Epiphone SG vs Epiphone Les Paul – Which is Best?

In a straight-up Epiphone SG vs Epiphone Les Paul comparison which is the better guitar? In this guide, we take a detailed look at both of these massively popular electric guitars…


This is a pickle because both of these guitars are great options. They’re both specced to the hilt, they both play great, and they’re both perfectly suited for anyone that wants to play metal or rock.

You also have plenty of different options within each range too, from pricier flagship models to lower cost, budget-friendly guitars that are perfect for beginner players that are just getting started.

And unlike Gibson Custom and Standard models, Epiphone guitars are a HELL of a lot cheaper.

This guide will take a broad overview of the SG and Les Paul from Epiphone, focussing on how they’re different and why. At the end, we’ll list all the current models and how much they cost.

At this point, you’ll likely know which one you want and you can then have a look at all the options based on your budget. Simple, right? Let’s do this…

Epiphone SG vs Epiphone Les Paul – Best Option For A Metal Head?

Epiphone SG vs Epiphone Les Paul

We’ll cover the different models of Epiphone Les Paul and Epiphone SG at the end.

First, though, we need to cover off the basic differences between these two styles of guitarthings like how they’re designed, how they feel, and how they play.

Design & Feel

The Les Paul design is iconic and is almost as old as the electric guitar itself. It is also Gibson’s longest running and most popular model. Featuring a single cut away design and a pickup switch, the Les Paul is as familiar as burgers and chips – everybody knows it and most people love it.


The Epiphone SG is a slightly different beast. First produced in 1961, the SG hasn’t changed all that much since it first hit the market. With its iconic double cutaway and lighter and slimmer chassis, the SG is the perfect option for players looking for a lighter guitar.

Both are solid body guitars, but the Epiphone SG is significantly lighter and slimmer than the Les Paul. On top of this, the SG’s neck joins the body at the 22nd fret, while the Les Paul – on most models – joins at the 16th. And if you’re wondering what “SG” stands for it means “solid guitar” – this name was created by Gibson in the 1960s.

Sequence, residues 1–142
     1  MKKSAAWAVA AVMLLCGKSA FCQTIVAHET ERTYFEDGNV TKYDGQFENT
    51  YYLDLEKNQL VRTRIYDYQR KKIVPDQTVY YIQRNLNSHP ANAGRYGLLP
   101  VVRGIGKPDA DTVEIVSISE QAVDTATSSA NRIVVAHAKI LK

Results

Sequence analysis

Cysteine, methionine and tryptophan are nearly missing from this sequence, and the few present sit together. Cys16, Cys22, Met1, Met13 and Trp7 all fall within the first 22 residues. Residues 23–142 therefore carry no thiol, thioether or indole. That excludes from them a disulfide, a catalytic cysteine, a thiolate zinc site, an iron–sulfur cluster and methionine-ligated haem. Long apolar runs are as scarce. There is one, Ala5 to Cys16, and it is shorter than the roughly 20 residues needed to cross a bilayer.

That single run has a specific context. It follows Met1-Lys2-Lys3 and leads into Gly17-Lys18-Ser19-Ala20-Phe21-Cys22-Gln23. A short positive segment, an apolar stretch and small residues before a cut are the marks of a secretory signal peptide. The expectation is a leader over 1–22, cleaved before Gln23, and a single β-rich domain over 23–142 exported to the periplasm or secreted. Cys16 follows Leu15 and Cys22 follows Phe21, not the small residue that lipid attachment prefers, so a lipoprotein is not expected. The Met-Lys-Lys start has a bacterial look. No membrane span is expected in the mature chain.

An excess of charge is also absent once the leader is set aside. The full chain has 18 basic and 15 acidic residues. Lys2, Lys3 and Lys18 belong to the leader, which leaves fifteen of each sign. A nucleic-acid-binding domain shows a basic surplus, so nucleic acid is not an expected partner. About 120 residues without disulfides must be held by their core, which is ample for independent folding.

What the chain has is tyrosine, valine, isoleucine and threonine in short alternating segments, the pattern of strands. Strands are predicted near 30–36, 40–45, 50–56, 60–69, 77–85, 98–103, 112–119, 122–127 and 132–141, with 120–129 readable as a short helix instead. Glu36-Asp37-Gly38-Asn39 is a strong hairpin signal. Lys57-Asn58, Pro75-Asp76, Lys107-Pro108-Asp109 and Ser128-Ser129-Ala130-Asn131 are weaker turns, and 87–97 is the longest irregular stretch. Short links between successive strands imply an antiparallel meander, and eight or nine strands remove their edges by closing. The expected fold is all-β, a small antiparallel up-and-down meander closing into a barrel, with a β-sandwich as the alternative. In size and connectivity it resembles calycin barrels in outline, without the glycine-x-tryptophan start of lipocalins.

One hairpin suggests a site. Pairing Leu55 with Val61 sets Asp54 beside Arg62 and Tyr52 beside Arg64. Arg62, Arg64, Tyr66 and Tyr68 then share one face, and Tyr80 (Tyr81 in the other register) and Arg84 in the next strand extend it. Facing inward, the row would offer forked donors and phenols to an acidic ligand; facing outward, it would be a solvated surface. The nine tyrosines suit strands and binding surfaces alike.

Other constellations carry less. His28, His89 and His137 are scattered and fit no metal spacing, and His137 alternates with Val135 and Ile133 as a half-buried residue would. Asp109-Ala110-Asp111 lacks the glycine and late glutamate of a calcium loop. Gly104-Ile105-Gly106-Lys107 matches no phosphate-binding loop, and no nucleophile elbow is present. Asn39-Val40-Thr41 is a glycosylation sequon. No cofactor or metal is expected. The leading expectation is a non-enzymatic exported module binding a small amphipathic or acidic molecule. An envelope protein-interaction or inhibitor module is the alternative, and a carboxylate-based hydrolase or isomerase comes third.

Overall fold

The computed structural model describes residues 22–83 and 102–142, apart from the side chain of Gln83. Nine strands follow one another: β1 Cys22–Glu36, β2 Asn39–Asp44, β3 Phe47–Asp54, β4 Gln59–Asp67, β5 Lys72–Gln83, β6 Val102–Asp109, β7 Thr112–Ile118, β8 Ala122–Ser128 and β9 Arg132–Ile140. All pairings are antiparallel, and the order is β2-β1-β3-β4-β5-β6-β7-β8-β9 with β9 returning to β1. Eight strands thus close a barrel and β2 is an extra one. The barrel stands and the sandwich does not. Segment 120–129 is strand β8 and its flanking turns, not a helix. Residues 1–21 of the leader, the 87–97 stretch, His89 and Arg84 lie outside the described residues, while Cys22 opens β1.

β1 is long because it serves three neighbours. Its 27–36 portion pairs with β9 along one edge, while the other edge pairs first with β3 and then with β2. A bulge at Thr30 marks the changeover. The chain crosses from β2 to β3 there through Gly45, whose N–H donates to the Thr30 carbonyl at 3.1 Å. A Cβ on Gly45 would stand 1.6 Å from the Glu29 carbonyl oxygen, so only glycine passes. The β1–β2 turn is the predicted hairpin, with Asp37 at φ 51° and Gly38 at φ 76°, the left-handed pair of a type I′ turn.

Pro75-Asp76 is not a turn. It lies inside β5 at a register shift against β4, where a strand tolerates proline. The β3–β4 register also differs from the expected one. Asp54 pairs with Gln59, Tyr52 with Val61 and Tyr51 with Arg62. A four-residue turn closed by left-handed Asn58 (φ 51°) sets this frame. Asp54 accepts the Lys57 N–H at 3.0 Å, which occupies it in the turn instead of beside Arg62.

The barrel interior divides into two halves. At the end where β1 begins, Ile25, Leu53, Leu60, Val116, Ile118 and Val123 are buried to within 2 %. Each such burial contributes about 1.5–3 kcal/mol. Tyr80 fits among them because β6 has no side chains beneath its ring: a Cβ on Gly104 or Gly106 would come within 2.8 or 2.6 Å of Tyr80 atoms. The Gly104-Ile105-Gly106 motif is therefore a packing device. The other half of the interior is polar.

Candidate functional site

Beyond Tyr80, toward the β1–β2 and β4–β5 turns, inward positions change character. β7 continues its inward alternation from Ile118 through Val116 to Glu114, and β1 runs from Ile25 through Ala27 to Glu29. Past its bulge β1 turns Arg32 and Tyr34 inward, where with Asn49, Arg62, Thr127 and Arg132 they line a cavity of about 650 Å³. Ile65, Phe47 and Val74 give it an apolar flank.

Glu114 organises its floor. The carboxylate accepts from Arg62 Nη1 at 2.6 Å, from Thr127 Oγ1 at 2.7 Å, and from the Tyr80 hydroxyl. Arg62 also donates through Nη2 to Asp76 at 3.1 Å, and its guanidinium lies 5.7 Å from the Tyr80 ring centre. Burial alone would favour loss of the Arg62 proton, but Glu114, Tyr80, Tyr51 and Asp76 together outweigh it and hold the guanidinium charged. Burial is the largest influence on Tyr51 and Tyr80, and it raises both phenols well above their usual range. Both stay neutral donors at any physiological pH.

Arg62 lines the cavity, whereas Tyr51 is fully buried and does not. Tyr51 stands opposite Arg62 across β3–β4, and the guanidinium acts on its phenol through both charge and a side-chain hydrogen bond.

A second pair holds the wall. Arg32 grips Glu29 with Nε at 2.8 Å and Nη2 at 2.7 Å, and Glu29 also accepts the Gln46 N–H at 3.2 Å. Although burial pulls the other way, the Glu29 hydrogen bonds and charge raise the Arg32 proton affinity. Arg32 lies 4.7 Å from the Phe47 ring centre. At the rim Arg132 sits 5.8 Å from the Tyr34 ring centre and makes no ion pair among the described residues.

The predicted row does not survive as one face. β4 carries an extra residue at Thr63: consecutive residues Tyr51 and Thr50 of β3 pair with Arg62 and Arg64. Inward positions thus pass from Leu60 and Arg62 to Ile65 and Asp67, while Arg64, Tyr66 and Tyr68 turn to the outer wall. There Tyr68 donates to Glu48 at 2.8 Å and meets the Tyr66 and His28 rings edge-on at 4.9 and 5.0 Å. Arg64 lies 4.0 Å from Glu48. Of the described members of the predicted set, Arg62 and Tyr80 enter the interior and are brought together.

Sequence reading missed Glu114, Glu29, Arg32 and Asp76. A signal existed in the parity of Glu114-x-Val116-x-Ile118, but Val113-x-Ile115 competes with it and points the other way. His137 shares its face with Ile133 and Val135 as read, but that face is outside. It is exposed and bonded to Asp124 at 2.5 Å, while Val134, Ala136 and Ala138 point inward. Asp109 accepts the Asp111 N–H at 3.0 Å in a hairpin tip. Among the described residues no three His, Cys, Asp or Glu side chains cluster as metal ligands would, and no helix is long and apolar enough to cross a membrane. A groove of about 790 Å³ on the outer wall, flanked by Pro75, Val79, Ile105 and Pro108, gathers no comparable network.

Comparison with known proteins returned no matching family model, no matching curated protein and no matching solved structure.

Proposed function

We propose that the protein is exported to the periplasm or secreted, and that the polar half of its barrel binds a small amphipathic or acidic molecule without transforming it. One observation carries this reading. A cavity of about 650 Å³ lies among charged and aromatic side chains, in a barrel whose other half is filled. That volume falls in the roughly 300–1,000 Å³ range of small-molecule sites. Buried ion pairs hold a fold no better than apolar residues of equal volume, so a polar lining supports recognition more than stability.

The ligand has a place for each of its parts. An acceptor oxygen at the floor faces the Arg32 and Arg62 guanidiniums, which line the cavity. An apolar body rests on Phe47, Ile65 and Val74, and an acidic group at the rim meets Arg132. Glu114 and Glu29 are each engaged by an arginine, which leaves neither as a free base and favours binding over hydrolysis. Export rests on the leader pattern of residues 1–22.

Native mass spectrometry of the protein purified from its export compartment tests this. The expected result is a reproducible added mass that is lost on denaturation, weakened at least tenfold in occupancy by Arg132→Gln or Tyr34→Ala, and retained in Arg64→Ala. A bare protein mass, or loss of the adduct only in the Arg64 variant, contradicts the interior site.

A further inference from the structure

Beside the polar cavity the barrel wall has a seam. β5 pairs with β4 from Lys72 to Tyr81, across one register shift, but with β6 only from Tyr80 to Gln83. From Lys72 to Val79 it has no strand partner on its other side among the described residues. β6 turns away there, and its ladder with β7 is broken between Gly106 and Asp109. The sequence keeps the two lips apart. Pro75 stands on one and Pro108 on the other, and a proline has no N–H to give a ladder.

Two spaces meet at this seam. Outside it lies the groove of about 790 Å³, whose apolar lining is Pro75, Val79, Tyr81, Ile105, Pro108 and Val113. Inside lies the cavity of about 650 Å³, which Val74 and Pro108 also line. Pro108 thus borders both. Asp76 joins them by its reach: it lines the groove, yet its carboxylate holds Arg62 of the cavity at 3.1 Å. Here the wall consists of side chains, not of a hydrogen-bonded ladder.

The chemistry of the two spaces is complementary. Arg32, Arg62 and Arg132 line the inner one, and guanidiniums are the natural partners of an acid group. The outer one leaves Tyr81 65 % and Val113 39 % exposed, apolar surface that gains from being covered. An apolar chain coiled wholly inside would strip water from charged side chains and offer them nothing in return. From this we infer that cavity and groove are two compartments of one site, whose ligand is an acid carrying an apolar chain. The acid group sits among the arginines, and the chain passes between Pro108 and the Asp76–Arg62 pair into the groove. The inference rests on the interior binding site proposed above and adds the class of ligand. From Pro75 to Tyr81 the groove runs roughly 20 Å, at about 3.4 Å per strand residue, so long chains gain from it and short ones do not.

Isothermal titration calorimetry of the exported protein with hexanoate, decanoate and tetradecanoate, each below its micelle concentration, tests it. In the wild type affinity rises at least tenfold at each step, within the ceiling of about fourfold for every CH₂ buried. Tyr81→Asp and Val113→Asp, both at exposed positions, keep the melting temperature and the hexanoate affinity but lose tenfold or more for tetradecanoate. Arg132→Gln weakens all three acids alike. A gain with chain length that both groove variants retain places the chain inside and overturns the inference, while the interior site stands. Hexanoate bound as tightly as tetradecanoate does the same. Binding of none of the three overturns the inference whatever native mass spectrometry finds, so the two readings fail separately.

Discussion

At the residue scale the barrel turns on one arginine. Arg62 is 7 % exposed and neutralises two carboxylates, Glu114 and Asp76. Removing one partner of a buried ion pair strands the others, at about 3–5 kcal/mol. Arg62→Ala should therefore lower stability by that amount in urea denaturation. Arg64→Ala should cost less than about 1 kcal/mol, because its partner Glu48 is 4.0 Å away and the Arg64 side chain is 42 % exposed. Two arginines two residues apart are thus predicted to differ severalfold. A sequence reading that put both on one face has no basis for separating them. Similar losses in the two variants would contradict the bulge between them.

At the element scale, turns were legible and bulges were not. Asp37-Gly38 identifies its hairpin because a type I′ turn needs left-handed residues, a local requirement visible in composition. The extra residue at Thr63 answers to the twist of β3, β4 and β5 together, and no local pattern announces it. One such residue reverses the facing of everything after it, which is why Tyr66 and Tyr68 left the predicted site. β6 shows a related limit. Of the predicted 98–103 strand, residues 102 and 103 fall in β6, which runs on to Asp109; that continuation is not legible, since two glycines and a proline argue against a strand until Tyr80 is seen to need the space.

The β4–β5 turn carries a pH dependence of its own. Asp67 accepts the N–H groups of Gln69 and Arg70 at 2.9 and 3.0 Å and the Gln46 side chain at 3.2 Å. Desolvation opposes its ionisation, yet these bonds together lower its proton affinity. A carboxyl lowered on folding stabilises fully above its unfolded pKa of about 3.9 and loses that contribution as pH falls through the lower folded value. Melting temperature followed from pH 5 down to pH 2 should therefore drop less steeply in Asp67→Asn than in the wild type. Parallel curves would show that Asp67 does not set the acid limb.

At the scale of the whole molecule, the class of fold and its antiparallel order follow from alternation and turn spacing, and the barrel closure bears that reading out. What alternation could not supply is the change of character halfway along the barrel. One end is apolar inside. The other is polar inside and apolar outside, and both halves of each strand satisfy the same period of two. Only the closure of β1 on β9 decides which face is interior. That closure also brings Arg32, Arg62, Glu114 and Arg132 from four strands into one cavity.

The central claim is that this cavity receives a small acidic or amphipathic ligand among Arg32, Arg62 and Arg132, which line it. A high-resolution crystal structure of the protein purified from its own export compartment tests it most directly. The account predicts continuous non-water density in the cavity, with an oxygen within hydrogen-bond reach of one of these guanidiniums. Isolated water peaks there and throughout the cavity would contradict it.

Did you know that the SG is actually a Les Paul? The SG was designed by Gibson to be the “new” Les Paul model, however, Les himself never actually endorsed the guitar.

The SG was initially designed to better compete with Fender’s lighter and slimmer Telecasters and Strats. The Les Paul is a heavy guitar. And playing long shows with a heavy guitar can soon become irritating. In fact, this is the reason why Deftones’ Chino Moreno uses a Gibson SG Standard.

Epiphone SG vs Epiphone Les Paul - Which is Best?
Chino Moreno’s Gibson SG

Visually, both Les Paul and the SG are iconic looking guitars. Even the greenest of new players can usually spot them. In this respect, if you’re looking for a classically good-looking guitar, you cannot go wrong with either the Epiphone SG or the Epiphone Les Paul.

And you also have a myriad of color options for both too – from traditional black and red models, to more modern finishes like those used of Epiphone’s new Prophecy range.

Which one you go for will largely depend on these two things: 1) which you prefer the look of; do you like the single cutaway or do you prefer the double cutaway, and 2) do you want a lighter guitar with easier access to the higher frets or are you OK with a heavy setup like the Les Paul?

Size & Weight

I could wax on about the size and weight differences between the SG and the Les Paul, but it is easier to just show you a quick breakdown of how they differ with respect to overall weight, scale length, and the number of frets on each model.

Epiphone Les Paul Dimensions, Weight & Fret Length

  • Weight: 4.53KG / 9.9lbs
  • Scale Length: 21.97in
  • Number of Frets: 22

Epiphone SG Dimensions, Weight & Fret Length

  • Weight: 3.1KG / 6.9lbs
  • Scale Length: 24.75in
  • Number of Frets: 22

As you can see, the Epiphone SG is significantly lighter than the Epiphone Les Paul – by 3 pounds! Both the Les Paul and SG have the same number of frets (22), although the SG has a longer scale length (24.7in vs 21.9in).

Electronics & Pickups

Both options come with the fantastic “Probucker” series of pickups. These are based on the classic Gibson PAF Humbuckers. Both mid-range options of the Les Paul and SG come with this pickup set.

Epiphone SG vs Epiphone Les Paul - Which is Best?

These are especially awesome in “coil split” mode! You can get the full humbucker to chug with, while still getting single coil sounds for pristine cleans. The “Probucker” is often looked down on by enthusiasts, but with a little adjustment, these are awesome pickups!

Both guitars come with 500k volume pots, with a standard “orange drop” style capacitor. Both models also sport a three way toggle switch.

Color Options

Epiphone SG Color Options

  • Ebony
  • Cheery
  • Worn Brown
  • Worn Cherry
  • Vintage Sunburst
  • Alpine White
  • Pelham Blue